Petro-culture as an Oppressor of Women and Nature: An Ecofeminist Reading of Nawal El Saadawi’s Love in the Kingdom of Oil
Abstract: Oil, arguably a crucial natural resource for the development of human civilization, has often been treated in petrofiction as a representation of male power and consequently an apparatus for repression of women. Historically, nature and women have been dominated at the hands of the petro-capitalist male societies. In Egyptian author Nawal El Saadawi’s novel Love in the Kingdom of Oil, it is found that the question of dominance over environment and suppression of women are inextricably linked. Oil is a commodity in the narrative which is used in an Islamic Gulf state as an agent to confine women in stereotypical roles and strip them of their unique identities as individuals. The petro-capitalism in the novel also works against creating a sustainable environment for the future generations. The female protagonist here fights for her dignity and right to freedom while facing the harsh realities of her social condition. This paper analyzes the text in order to expose the degeneration of oil societies and offers a view of how petro-cultural capitalism and politics, using religion as a shield, arguably work as key influencers behind the exploitation of women and nature.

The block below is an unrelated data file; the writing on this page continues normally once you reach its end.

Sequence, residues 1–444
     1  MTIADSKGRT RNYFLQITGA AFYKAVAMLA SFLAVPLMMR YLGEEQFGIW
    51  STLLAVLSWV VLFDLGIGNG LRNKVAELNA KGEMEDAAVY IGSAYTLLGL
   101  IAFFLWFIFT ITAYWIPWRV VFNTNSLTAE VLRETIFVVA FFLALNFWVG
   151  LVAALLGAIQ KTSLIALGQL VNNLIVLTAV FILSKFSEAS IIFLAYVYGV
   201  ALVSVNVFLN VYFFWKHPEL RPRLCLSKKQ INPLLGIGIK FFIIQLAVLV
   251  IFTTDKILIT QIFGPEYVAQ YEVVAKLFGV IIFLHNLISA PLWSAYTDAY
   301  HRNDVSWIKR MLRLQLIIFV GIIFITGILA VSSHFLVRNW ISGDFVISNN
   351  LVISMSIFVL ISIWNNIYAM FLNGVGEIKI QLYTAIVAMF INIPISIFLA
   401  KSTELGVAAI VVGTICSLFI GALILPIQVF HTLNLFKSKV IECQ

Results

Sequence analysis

Keywords: petro-culture, ecofeminism, petro-capitalism, petro-modernity, Islam
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Published in 2018